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  • The products of the action of nitric acid on cellulose are not nitro compounds in the sense that picric acid is, but are nitrates or nitric esters.

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  • Shenstone, two classes are to be recognized: (I) Nataloins, which yield picric and oxalic acids with nitric acid, and do not give a red coloration with nitric acid; and (2) Barbaloins, which yield aloetic acid, C7H2N205, chrysammic acid, C 7 H 2 N 2 0 6, picric and oxalic acids with nitric acid, being reddened by this reagent.

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  • Picric acid can also be obtained from it by first treating acetylene with sulphuric acid, converting the product into phenol by solution in potash and then treating the phenol with fuming nitric acid.

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  • Hot concentrated nitric acid oxidizes it to picric acid and oxalic acid, whilst on treatment with hydrochloric acid and potassium chlorate it yields chloranil (tetrachloroquinone).

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  • From vegetable fibres silk is readily distinguished by the bright yellow colour it takes from a solution of picric acid, which does not adhere to vegetable substances.

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  • It forms a crystalline compound with picric acid.

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  • Alkaline potassium ferricyanide oxidizes it to picric acid.

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  • PICRIC ACID, or [[Trinitrophenol, C6h2 Oh]] (N02)3 [5.2.4.6], an explosive and dyestuff formed by the action of concentrated nitric acid on indigo, aniline, resins, silk, wool, leather, &c. It is the final product of the direct nitration of phenol, and is usually prepared by the nitration of the mixture of phenol sulphonic acids obtained by heating phenol with concentrated sulphuric acid (E.

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  • Phosphorus pentachloride converts it into picryl chloride, C 6 H 2 C1(NO 2) 3, which is a true acid chloride, being decomposed by water with the regeneration of picric acid and the formation of hydrochloric acid; with ammonia it yields picramide, C 6 H 2 NH 2 (NO 2) 3.

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  • Picric acid forms many well-defined salts, of a yellow or red-brown colour.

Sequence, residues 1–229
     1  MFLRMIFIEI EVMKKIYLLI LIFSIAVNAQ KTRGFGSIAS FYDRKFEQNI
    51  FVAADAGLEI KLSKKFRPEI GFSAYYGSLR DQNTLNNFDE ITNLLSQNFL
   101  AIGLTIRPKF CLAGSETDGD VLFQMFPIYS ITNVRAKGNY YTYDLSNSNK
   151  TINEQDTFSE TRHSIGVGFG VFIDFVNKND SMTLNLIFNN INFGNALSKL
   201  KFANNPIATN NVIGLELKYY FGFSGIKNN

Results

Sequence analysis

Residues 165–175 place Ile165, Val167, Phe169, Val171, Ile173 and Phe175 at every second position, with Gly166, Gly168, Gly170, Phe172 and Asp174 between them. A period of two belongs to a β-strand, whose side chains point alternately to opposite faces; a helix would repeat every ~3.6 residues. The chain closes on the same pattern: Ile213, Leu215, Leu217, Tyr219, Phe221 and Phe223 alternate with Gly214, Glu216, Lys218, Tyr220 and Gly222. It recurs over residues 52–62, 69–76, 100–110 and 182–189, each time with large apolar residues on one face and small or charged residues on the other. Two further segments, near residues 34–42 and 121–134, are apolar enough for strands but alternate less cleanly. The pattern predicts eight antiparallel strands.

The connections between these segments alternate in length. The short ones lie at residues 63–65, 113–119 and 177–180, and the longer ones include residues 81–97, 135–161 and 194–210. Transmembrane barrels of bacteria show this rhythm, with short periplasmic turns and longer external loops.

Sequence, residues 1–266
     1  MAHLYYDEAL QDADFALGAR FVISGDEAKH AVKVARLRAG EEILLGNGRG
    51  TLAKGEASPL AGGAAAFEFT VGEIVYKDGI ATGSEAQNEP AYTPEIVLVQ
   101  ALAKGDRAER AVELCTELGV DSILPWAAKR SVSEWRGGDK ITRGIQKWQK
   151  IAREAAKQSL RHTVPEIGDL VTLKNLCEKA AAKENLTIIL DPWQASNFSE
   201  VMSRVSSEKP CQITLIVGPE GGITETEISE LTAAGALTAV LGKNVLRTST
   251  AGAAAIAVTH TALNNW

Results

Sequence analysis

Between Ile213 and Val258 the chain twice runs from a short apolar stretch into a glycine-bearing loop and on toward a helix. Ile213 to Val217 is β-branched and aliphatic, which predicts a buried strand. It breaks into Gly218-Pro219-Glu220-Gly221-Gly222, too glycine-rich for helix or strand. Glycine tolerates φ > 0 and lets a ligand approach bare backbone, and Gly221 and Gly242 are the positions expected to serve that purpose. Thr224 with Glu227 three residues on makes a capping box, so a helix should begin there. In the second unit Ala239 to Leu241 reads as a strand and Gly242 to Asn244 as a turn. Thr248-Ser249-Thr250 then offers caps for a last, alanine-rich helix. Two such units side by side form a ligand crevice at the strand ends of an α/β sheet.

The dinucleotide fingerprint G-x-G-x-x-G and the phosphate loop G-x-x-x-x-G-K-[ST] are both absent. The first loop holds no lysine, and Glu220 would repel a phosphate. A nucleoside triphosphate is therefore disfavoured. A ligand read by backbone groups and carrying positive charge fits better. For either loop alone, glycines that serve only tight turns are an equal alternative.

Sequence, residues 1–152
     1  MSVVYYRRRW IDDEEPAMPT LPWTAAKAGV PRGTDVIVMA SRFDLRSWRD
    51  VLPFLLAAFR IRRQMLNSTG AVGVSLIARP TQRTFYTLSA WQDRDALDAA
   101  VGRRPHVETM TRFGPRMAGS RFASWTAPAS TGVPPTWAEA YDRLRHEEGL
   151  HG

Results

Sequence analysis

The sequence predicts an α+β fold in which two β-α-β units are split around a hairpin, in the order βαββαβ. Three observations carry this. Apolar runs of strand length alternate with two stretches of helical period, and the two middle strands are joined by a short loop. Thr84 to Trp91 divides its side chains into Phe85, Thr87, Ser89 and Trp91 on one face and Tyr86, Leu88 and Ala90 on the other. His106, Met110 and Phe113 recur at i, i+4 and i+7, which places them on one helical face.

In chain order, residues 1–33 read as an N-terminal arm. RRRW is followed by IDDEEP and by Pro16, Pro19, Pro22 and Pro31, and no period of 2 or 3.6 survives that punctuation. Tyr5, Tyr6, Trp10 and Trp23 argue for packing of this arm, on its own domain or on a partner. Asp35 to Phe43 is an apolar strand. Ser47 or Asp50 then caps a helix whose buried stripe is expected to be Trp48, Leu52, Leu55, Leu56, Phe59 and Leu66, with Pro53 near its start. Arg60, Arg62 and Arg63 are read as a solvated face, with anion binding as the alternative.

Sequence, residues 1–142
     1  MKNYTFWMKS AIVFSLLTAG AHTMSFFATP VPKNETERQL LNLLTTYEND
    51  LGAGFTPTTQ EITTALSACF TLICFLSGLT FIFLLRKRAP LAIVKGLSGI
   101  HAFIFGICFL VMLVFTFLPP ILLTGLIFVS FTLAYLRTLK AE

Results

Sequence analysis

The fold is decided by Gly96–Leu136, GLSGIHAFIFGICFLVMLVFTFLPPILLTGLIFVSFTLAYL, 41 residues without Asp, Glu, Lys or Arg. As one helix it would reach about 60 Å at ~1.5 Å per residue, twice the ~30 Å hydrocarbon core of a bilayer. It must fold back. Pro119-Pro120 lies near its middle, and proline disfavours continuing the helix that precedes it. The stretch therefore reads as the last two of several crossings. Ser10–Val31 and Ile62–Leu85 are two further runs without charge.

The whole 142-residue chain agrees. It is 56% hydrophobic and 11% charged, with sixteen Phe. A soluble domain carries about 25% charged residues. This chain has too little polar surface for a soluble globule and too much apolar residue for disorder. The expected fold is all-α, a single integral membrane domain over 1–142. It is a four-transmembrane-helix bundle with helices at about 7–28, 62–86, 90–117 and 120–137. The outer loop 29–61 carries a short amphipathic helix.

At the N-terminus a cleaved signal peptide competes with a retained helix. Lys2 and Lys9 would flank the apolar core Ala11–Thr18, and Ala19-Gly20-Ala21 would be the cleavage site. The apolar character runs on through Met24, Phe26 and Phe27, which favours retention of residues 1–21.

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  • The chief application of picric acid and its salts is in the manufacture of explosives.

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  • When ignited, picric acid burns quietly with a smoky flame.

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  • The more important picric powders are melinite, believed to be a mixture of fused picric acid and gun-cotton; lyddite, the British service explosive, and shimose, the Japanese powder, both supposed to be identical with the original melinite; Brugere's powder, a mixture of 54 parts of ammonium picrate and 45 parts of saltpetre; Designolle's powder, composed of potassium picrate, saltpetre and charcoal; and emmensite, invented by Stephen Emmens, of the United States.

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  • Anschutz (Ber., 1884, 1 7, p. 439) estimates picric acid by precipitation with acridine.

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  • 100.00 These elements in tar are built up into an enormous number of compounds (see Coal Tar), and its value as a by-product may be gathered from the fact that on fractional distillation it yields - (I) benzene and its homologues, from which aniline, the source of most of the coal-tar colours, can be derived; (2) carbolic acid, from which picric acid, used as a dye, a powerful explosive, and to give the bitter flavour to some kinds of beer, is made, also many most valuable disinfectants; (3) naphthalene, used for disinfecting, and also as the "Albo-carbon" employed in an enriching burner for gas; (4) pitch, extensively used in path-making, from which such bodies as anthracene and saccharin can be extracted.